In the oncoming posts about my six days in China, you will find a persistent internal conflict between people and land. I spent my time loving the places I went and saw, but hating those who surrounded me. I found myself becoming smaller in the vastness that was China. It wasn’t like I wanted to retreat to the place that I came from, but I wanted so badly to find a place where people and land met on equal terms. Unfortunately, I did not find that place till my last day in China. And by that time, I recognize that my biases had been pretty much set.
What I Saw in China
My second day in Shanghai, I really began to experience some of the habits that I would experience throughout the rest of the week. My ceremonious first encounters happened in Shanghai Disney. The one place in the world that’s supposed to be all magical and happy. It didn’t take long for all the magic to basically be drained from the very depths of me and absorbed in to the asphalt. When I told you about the lady who pressed herself so close up against me, I felt she was a part of me, it happened here in Disney.
Every line had an estimated wait time of 210 minutes or more. This wait time was probably further extended by the amount of people who would cut you mid-line. While I was waiting in line to get on the Tron ride, the line was narrow enough that I was able to cut of cutters. I stood side-by-side with my friend and blocked the flow of people who would have otherwise slipped through this space.
After a while I hear a man and a woman yelling angrily in Chinese. The man is frustrated by the fact that she’s not moving up in line, she yells back at him that it’s not her fault, it’s mine. My friend who is from Hong Kong translates this argument for me and every few minutes the man continues to yell out in what I guess was frustration. I never moved and he eventually gave up.
The next morning, we left Shanghai for Nanjing. Our train was booked for 10:45, but to put it in simple terms, we missed it. Luckily, it’s very easy to just exchange your tickets for new ones in China, and our second tickets were cheaper. Of course, the cost of cheaper tickets came with a price. We had to wait around for two hours in the station for our next train to arrive.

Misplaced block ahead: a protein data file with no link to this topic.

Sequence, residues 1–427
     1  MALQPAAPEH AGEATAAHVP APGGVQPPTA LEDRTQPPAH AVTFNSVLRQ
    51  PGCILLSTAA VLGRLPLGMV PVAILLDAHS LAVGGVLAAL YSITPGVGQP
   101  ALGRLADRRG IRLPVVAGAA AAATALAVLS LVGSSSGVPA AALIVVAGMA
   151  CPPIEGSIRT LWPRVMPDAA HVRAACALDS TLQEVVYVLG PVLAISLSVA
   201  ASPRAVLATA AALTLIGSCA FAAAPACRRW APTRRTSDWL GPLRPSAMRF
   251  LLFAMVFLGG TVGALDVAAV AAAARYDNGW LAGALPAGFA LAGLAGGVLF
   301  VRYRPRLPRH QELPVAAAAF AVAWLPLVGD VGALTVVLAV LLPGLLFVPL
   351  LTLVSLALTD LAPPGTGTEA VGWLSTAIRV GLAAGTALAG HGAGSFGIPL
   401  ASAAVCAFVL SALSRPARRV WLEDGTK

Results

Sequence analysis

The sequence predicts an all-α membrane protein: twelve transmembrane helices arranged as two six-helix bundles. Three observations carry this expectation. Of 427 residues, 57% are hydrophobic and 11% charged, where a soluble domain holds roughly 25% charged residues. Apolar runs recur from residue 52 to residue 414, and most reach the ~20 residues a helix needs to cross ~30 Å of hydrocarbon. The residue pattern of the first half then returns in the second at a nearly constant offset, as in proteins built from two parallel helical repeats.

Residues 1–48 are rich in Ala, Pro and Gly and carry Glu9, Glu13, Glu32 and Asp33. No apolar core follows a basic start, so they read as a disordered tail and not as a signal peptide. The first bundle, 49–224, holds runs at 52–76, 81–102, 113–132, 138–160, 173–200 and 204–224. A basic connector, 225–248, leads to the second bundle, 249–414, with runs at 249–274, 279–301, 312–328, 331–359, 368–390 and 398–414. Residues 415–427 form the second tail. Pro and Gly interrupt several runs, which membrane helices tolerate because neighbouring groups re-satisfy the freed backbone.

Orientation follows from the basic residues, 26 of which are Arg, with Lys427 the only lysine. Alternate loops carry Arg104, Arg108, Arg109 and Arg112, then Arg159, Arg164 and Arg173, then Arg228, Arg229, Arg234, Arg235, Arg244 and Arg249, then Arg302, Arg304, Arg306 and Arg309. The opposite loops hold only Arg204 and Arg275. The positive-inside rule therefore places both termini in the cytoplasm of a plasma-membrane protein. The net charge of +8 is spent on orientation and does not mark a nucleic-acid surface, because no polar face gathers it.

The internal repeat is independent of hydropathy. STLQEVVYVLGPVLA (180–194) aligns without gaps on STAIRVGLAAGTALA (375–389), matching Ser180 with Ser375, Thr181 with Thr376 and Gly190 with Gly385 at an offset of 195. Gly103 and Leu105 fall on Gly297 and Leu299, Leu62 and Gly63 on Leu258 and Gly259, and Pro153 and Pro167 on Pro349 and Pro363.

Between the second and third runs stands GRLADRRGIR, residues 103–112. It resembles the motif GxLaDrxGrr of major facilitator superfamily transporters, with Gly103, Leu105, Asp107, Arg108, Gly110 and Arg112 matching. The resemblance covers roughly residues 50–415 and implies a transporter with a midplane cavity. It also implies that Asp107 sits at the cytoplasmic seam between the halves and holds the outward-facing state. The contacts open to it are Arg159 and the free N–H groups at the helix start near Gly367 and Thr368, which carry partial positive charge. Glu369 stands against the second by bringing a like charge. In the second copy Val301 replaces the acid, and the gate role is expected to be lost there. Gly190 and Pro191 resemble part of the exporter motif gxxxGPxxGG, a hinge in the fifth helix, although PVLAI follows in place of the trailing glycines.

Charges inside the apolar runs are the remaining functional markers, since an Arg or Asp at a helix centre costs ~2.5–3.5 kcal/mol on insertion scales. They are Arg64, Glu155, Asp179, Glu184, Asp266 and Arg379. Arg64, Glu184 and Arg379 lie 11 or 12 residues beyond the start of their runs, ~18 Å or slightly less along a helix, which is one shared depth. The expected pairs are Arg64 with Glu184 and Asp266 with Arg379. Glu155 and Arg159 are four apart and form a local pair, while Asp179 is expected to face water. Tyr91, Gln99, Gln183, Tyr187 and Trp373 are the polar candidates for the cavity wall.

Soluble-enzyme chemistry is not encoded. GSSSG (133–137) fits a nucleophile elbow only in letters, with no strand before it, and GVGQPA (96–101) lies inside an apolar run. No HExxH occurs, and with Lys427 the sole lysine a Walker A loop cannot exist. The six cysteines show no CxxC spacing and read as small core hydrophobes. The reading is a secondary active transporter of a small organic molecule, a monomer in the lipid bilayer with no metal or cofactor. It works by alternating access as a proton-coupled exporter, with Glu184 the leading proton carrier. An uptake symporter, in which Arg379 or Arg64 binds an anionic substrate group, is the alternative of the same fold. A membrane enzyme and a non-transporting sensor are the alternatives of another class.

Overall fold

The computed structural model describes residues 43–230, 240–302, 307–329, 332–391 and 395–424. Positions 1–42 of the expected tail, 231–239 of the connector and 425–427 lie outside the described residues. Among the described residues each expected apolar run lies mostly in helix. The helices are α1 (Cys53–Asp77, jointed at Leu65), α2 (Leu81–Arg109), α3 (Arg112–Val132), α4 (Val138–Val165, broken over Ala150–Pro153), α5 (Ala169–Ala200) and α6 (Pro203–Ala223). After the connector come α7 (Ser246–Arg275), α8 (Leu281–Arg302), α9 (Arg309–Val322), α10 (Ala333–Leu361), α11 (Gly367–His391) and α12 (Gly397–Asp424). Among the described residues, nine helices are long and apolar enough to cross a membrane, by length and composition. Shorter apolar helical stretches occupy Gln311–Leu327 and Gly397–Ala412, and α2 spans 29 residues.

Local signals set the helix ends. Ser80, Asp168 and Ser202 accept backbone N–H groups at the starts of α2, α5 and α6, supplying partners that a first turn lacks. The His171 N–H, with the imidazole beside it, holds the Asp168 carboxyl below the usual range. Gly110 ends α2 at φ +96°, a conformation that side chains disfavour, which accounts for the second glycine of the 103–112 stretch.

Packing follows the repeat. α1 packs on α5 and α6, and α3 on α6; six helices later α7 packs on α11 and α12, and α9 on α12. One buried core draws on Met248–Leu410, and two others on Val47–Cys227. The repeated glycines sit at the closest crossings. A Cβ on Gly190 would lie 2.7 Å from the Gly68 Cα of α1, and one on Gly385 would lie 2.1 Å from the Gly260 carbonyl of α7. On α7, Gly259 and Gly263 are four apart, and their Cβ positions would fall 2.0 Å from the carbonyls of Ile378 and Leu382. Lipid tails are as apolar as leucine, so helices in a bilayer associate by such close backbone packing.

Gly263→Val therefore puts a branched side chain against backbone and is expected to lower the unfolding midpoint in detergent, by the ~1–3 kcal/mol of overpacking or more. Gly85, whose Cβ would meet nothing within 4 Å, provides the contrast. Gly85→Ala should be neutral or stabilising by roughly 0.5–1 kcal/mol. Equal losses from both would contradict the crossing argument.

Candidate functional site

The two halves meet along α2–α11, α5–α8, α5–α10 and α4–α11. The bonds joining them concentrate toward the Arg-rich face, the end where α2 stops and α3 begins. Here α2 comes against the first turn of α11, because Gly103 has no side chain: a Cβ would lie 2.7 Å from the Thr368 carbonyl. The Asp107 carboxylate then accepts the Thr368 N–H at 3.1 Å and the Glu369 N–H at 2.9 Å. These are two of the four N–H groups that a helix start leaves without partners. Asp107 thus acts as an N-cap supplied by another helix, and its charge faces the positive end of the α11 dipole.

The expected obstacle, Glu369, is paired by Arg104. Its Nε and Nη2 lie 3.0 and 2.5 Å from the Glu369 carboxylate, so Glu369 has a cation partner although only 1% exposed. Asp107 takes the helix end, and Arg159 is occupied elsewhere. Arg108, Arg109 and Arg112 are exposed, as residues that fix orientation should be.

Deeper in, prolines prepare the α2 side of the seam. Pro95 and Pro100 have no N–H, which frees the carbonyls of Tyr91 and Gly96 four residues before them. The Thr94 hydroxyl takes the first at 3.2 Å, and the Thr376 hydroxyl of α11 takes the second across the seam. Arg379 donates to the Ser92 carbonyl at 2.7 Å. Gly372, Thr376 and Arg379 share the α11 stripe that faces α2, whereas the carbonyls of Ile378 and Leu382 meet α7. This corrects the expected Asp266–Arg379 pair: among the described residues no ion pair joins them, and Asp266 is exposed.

As expected, we got to Nanjing much later than planned. Additionally, we only had that day to explore. With no clear plans on where to go, we hung around the hostel looking for things to do. After awhile I put together a list of places and forced everyone out the door. By the time we finally got going, the sun set was a mere few hours away.
The first place we visited was the Sun Yat Sen mausoleum. When we got there, we noticed loads of people heading in our direction and no one heading towards the mausoleum. We had a hunch the place was closed, but I refused to confirm it. We had taken so much time to get out the door and eventually see something, I wasn’t leaving till I actually saw something. One of my friends eventually asked somebody and they confirmed for us that the mausoleum would be closing in the next 20 minutes. We still had some ways to go before we made it to the memorial and my friends suggested turning around, I said no.
Of course we didn’t make it, but we ended up taking a nice walk in the park.
The next place we went to was Confucius Temple. This was a bustling area that had many vendors and food stalls. Like Yuyuan gardens, the place was dawned in decorations that welcomed in the year of the rooster. I actually did most of my souvenir shopping here. There were a lot of items which were repeats from Yuyuan gardens, but at a much cheaper price. I bought gifts for family and friends, and even bought myself a scroll. Confucius Temple, like the gardens, was packed with people. The difference was, the narrow alleys would open up in to wide squares that allowed for people to find their space.
Surprisingly, I did not have a memorable meal here in the temple. That is not because there was nothing good, but because I felt kind of intimidated ordering from the many high energy stalls. There were so many options and my
mind was racing. Having too many choices always leads to no choice at all. I did manage to buy these sweet little dumplings because my friend had stopped to buy like a tea dumpling. So using this opportunity, I bought something as well.
When it came time to have an actual meal, we left the central area of Confucius Temple. This was quite a funny experience because it took forever to order. The whole menu was in Chinese and we had to keep asking our friend what was what. He often had a hard time explaining in English what each dish was, so he often just said “it’s like rice with chicken”. I ended up ordering the other chicken with rice.
And That Was it
We only had one day in Suzhou too, so I wanted to make sure that we made the most of our time. So, the next morning, after checking out, we made a plan of action. I wish I could say that this preparation made all the world of difference, but it didn’t. Still, as you will eventually read, I felt like I actually spent a day there rather than a night.
Also just so you know, Nanjing is famous for its lakes. There was no way we were going to leave without seeing some part of the lake. Luckily you could access the water through the train station, so we made a quick pit stop before boarding .